Quality Implementation: Leveraging Collective Efficacy to Make “What Works” Actually Work


Jenni Donohoo & Steven Katz

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    Ray Navarro, a California fire chief, and his fellow firefighters always shared a strong conviction that they could succeed, despite all other circumstances. Navarro described how this worked to their advantage during a particular rescue that he and his team will never forget. It was a nearly impossible situation they encountered on January 12, 2012, when they were called to the scene of an accident on Highway 101 in Buellton, California. Kelli Groves, a second-grade teacher, and her two daughters were in a horrific automobile crash. The BMW that Kelli was driving was so badly crushed, it was barely recognizable.

    Kelli was traveling to San Francisco with her ten-week-old daughter in a rear car seat and her ten-year-old daughter in the backseat next to her infant sister when a semitruck ran over the car, damaging it so badly, it seemed impossible that anyone could have survived. In our interview with Ray Navarro, he described how the firefighting team put their training and practice to use as the team got into “operational mode.” Below, Ray described how the team stayed focused, relied on their training, and worked interdependently during the two-hour rescue operation.

    “I recall when arriving on the incident and scene, we had three different things that were going on at the time. We had a semitruck that had demolished Kelli’s BMW. The semitruck went over the highway where there was a gap between two bridges, fell one hundred feet, and exploded into flames. Unfortunately, the driver had perished. Hazardous materials had spilled from the truck, and we have this car dangling off a bridge by a tire with people inside. Kelli could feel the heat from the flames coming up the cavern between the two bridges and informed us her daughters were in the backseat. We were also dealing with a traffic jam and a road closure on a major freeway.

    “With that,” Ray continued, “arriving on the scene, the acting captain made a call for more help. He asked for more resources because originally the call had been sent out as a single engine call. We knew we had to access additional resources and then use them to the best advantage. In other words, we placed people in positions where they needed to be.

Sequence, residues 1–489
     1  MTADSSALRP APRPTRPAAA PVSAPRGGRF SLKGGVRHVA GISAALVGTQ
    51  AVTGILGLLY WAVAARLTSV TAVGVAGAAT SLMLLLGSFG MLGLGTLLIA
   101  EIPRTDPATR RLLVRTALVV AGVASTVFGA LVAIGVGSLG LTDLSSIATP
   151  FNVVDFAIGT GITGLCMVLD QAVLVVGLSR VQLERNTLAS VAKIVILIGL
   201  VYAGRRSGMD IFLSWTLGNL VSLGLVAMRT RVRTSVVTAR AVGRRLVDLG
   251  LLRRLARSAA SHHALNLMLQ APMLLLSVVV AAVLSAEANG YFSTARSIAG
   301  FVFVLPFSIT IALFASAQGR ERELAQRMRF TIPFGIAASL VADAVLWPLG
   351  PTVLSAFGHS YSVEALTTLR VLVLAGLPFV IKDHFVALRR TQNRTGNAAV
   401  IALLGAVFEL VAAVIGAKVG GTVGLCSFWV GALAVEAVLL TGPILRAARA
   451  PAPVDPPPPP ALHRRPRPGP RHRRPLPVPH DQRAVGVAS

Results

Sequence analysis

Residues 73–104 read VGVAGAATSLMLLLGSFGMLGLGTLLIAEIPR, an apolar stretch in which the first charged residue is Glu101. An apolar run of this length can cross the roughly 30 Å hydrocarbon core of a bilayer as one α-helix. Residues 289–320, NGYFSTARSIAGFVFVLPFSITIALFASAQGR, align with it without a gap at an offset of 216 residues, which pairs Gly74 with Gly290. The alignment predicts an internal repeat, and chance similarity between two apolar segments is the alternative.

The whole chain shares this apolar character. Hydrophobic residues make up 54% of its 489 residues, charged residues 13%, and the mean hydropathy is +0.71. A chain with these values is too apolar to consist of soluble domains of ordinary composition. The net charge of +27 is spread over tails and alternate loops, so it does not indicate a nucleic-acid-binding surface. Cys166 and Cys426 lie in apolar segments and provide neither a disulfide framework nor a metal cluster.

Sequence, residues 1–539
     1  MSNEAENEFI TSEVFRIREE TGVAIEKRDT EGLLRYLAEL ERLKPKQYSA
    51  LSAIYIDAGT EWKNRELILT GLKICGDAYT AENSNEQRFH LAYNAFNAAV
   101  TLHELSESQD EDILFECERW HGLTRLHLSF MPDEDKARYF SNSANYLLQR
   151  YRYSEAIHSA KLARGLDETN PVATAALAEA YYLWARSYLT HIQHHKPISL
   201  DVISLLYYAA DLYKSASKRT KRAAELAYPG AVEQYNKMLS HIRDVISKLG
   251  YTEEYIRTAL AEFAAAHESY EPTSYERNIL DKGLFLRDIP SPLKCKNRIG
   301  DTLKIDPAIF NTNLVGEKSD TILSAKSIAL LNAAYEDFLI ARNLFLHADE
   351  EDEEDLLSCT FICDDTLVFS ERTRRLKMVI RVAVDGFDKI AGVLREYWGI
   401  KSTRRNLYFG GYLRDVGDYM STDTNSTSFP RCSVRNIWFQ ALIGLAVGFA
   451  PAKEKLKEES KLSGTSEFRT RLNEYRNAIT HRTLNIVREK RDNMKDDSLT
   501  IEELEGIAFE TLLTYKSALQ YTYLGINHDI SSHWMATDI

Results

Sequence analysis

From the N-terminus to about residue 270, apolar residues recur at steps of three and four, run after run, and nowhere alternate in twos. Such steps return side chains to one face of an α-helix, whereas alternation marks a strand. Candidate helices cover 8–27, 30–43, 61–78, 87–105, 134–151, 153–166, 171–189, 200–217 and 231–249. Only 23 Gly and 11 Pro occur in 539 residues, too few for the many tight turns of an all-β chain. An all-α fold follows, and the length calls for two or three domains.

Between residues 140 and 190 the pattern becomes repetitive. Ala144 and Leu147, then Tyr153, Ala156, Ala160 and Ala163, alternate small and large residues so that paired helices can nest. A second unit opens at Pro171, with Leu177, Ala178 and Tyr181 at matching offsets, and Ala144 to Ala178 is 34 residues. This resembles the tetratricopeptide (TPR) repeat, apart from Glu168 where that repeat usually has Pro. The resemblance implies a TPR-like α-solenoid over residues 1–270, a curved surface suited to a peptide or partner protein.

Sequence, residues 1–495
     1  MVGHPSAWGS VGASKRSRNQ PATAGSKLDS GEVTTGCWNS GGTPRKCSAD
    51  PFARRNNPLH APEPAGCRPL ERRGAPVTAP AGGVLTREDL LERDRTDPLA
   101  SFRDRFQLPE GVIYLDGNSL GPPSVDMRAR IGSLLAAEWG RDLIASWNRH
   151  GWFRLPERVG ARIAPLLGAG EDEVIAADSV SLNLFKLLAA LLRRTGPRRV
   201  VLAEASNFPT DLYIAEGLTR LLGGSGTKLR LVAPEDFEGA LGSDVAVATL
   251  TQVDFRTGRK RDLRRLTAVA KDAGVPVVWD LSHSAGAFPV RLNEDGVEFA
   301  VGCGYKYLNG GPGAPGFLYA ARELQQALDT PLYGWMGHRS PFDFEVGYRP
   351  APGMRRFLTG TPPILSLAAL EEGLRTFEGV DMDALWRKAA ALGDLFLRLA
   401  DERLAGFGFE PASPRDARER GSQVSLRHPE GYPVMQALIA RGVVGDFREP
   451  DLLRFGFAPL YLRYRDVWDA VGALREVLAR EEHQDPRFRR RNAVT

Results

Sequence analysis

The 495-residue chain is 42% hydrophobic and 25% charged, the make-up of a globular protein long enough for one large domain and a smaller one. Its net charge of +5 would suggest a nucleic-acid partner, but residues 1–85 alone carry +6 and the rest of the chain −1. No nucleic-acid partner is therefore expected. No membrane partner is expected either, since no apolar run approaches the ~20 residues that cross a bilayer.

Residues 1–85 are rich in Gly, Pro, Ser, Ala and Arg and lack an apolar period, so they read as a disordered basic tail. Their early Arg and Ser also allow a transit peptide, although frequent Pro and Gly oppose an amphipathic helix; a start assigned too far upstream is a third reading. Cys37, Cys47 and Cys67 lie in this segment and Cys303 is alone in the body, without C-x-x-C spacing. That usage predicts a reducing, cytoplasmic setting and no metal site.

“It was my responsibility to develop teams: a cutting team, a stabilizing team, a paramedic team, and another team to stand by because we still had a fire underneath us and the BMW had gasoline in it, so we also needed a rescue team with extinguishment. From the team aspect, we looked at this and said we have to divide ourselves up to get the job done. Our emphasis to Kelli was ‘We’re going to get all of you out. It’s going to take a while but we’re going to do this.’ As a team, we didn’t have to say what our job was, we just did it, and that came as the result of practice and training” (R. Navarro, interview, October 18, 2017).

    Ray noted that as the firefighters were reassuring Kelli, they were getting no response from her children. He continued to describe what they did next. “We needed to steady the vehicle, so we got a rope and used a tow truck as an anchor in an attempt to stabilize Kelli’s car. I remember looking at one of our firefighters whose only job was to watch the rope. I saw him kneeling with a constant eye on the rope. If we lost any tension, he would call out to us. It might have seemed like an unimportant job, just kneeling there, but it was one of the most integral parts of teamwork. We had men on top of that BMW and if the rope slackened, their safety was in jeopardy” (R. Navarro, interview, 2017).

    Kelli’s oldest daughter was enveloped in the car with metal all around her. Ray and his team had to peel the pieces of metal off of her in order to get to her; they could hear her moaning from her injuries. Ray noted that “we just went to work. Kelli and her children became part of our team, and we reassured her of that telling her ‘we’re not going to let anyone go!’ When you make it personal to yourself, you leave no one behind” (R. Navarro, interview, 2017). Ray noted that Kelli and her daughters were what made their rescue team relevant and that they weren’t going to fail because if they failed Kelli and her girls, they failed themselves.